M: You talk a lot about being your own fabulous best friend. what's the secret to creating healthy boundaries so that you can work on a current project without alienating those you love? Many creative people find this is a real challenge. Can you help? What works for you?
SARK: If everyone is their own best friend, it solves everything that you just asked. If you're in a relationship with a person who is his own dearest friend; it won't be an issue. If we think time is a scarce commodity, and one person is practicing self friendship and one isn't, the one who isn't is going to seek friendship from their partner. It turns into a detriment; "you're not available to me." In a past relationship, we were able to navigate through that because of our mutual creativity. Relationships can do well if these things are being discussed and communicated, and conscious there can always be misunderstandings. But if people are practicing self-friendship they won't be looking outside themselves for sustenance, but will look inward to sustain themselves. Of course, it doesn't always work that way.
M: Your books have been an incredible source of healing and inspiration for millions of readers worldwide. Much research is currently being done in new healing modalities that involve creative writing, music, and visual art as powerful tools for healing physical, spiritual, and emotional pain, trauma, disease, and imbalance. Can you discuss the spiritually enlightening and healing aspects of creativity? How has your work worked as a healing force in your own life?
SARK: I honestly feel that I have no choice. I can't imagine what the point would be if I weren't telling my truth. That's how I live, so therefore that's how I write. And if I can't, I can tell you I'm looking for why.
Creativity has absolutely saved my life. I started with stories about mice, families of mice in little shoe box houses. Building castles for toads at camp. I've always talked to creatures of all kinds; they were my family of friends as a child. The family I was born into happened to include an older brother who was my best friend until I was six years old. He was being molested by a next door neighbor, and then he in turn started molesting me. It was physical and sexual abuse, and it went on for 7 years. I didn't experience him as a friend and retreated into my imagination to get away from where I was living. I lived inside my books and my imagination they saved me during those years. It was terrible for me, for my family, for my brother. Many years later, I can say I have completely forgiven him and I'm in the process of forgiving the man who molested him. And I'm so grateful to say that my creative self, even though it did get diverted, it was not crushed.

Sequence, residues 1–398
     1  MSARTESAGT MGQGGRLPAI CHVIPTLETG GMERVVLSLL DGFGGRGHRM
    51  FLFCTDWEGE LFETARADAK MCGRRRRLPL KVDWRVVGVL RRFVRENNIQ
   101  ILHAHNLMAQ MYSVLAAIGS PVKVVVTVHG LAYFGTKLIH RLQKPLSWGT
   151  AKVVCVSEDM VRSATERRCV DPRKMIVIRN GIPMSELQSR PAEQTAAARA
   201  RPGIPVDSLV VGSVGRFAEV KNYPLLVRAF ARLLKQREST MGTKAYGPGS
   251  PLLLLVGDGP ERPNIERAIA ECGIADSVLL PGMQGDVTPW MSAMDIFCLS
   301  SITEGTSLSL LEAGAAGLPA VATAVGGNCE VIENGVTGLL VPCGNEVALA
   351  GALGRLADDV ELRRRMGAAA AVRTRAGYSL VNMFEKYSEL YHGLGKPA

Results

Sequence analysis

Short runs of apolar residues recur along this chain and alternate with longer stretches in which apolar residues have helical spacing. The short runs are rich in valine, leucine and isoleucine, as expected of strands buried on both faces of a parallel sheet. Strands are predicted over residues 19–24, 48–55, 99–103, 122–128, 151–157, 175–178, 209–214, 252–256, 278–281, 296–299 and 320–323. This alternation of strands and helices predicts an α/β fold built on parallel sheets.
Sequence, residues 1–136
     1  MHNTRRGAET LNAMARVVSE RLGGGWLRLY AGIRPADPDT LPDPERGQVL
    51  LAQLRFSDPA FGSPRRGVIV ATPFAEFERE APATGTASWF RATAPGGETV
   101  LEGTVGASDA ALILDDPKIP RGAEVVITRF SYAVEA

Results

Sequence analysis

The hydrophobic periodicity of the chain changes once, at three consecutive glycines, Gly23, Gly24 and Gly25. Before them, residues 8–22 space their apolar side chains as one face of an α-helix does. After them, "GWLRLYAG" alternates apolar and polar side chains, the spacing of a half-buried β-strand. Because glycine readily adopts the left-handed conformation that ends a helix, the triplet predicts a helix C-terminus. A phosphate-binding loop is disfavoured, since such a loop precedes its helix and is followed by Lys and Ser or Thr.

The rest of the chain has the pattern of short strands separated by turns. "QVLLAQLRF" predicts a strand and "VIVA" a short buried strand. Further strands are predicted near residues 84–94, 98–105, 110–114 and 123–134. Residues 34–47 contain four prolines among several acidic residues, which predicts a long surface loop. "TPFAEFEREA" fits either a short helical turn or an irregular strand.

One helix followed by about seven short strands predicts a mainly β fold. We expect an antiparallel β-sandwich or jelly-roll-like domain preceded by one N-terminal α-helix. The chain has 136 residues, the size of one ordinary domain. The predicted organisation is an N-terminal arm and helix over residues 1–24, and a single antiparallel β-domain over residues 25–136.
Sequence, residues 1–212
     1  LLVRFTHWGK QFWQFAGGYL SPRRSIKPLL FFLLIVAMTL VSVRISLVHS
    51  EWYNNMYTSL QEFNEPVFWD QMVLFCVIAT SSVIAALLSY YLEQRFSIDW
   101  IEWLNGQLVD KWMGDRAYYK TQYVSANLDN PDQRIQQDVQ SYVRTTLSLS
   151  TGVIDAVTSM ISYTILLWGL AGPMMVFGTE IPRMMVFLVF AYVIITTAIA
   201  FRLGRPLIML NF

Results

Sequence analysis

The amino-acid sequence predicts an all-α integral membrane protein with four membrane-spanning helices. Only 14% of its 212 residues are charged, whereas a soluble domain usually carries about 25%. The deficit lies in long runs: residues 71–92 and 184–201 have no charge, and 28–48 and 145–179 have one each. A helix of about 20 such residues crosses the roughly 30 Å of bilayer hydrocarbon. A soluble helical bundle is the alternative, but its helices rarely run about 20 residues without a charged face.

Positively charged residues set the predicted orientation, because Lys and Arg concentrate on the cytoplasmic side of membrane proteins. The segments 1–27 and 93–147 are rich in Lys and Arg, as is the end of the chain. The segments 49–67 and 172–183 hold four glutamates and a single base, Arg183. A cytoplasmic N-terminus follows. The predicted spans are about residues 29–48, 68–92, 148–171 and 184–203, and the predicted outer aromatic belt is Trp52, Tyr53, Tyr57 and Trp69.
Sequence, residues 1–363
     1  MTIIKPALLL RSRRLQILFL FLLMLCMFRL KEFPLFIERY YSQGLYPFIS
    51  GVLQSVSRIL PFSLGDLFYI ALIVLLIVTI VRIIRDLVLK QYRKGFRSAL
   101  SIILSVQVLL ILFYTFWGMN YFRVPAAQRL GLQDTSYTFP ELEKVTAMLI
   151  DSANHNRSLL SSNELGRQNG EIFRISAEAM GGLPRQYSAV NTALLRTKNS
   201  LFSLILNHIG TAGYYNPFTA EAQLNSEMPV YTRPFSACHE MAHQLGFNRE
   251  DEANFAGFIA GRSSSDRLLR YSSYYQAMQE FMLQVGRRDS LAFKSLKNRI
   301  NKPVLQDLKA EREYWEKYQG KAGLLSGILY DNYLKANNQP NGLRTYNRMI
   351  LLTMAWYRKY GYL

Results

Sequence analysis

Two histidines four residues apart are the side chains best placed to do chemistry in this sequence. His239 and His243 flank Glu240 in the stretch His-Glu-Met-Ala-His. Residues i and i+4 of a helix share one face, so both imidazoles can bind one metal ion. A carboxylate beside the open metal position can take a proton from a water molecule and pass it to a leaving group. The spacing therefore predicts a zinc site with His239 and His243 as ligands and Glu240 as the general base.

M: It seems to me that many people have this experience, that's one of the most fabulous things about it. [Creativity] is a very effective road to escape current situations, especially for children, if there's no other way to deal with it aside from just shutting down. This is a common experience. I have been doing these interviews for over a year, and have seen many cases of different types of dysfunction or disease in a family situation, that later turned into something so beautiful, something that was so much more than where it began. Books and paintings, all these different things that come out of our need to escape, to find a safe place to hide, or some way to get away from what's going on.
SARK: I always remind people that I don't recommend this route, but the abuse in my life absolutely made me the artist and writer that I am I don't regret it. I used to think, "Why did this happen to me?" I feel that it was absolutely perfect. I'm so grateful for this experience. It's controversial to talk about. You're supposed to say it was terrible; everyone involved was terrible, I'm just lucky I survived. And for years, that's how I identified as a survivor. But I think it goes beyond that, I now honestly feel I went far beyond just surviving. I realize not everybody feels this way or has this experience, it just happens to be my experience.